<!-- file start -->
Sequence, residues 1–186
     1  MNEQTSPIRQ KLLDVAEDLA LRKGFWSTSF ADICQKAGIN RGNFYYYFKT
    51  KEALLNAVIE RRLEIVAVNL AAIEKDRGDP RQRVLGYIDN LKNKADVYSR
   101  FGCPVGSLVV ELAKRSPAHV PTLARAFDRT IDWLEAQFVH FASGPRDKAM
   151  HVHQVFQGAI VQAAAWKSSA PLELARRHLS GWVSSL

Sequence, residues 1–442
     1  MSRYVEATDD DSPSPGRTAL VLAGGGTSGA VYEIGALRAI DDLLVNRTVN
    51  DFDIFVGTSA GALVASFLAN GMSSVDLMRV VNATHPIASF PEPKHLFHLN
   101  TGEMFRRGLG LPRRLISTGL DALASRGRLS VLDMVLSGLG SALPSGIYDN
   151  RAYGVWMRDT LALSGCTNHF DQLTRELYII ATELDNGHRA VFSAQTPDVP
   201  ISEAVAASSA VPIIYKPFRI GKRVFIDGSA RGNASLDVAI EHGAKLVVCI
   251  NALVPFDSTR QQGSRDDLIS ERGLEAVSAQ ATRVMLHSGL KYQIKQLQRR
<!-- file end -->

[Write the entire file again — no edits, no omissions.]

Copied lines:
Sequence, residues 1–186
     1  MNEQTSPIRQ KLLDVAEDLA LRKGFWSTSF ADICQKAGIN RGNFYYYFKT
    51  KEALLNAVIE RRLEIVAVNL AAIEKDRGDP RQRVLGYIDN LKNKADVYSR
   101  FGCPVGSLVV ELAKRSPAHV PTLARAFDRT IDWLEAQFVH FASGPRDKAM
   151  HVHQVFQGAI VQAAAWKSSA PLELARRHLS GWVSSL

Sequence, residues 1–442
     1  MSRYVEATDD DSPSPGRTAL VLAGGGTSGA VYEIGALRAI DDLLVNRTVN
    51  DFDIFVGTSA GALVASFLAN GMSSVDLMRV VNATHPIASF PEPKHLFHLN
   101  TGEMFRRGLG LPRRLISTGL DALASRGRLS VLDMVLSGLG SALPSGIYDN
   151  RAYGVWMRDT LALSGCTNHF DQLTRELYII ATELDNGHRA VFSAQTPDVP
   201  ISEAVAASSA VPIIYKPFRI GKRVFIDGSA RGNASLDVAI EHGAKLVVCI
   251  NALVPFDSTR QQGSRDDLIS ERGLEAVSAQ ATRVMLHSGL KYQIKQLQRR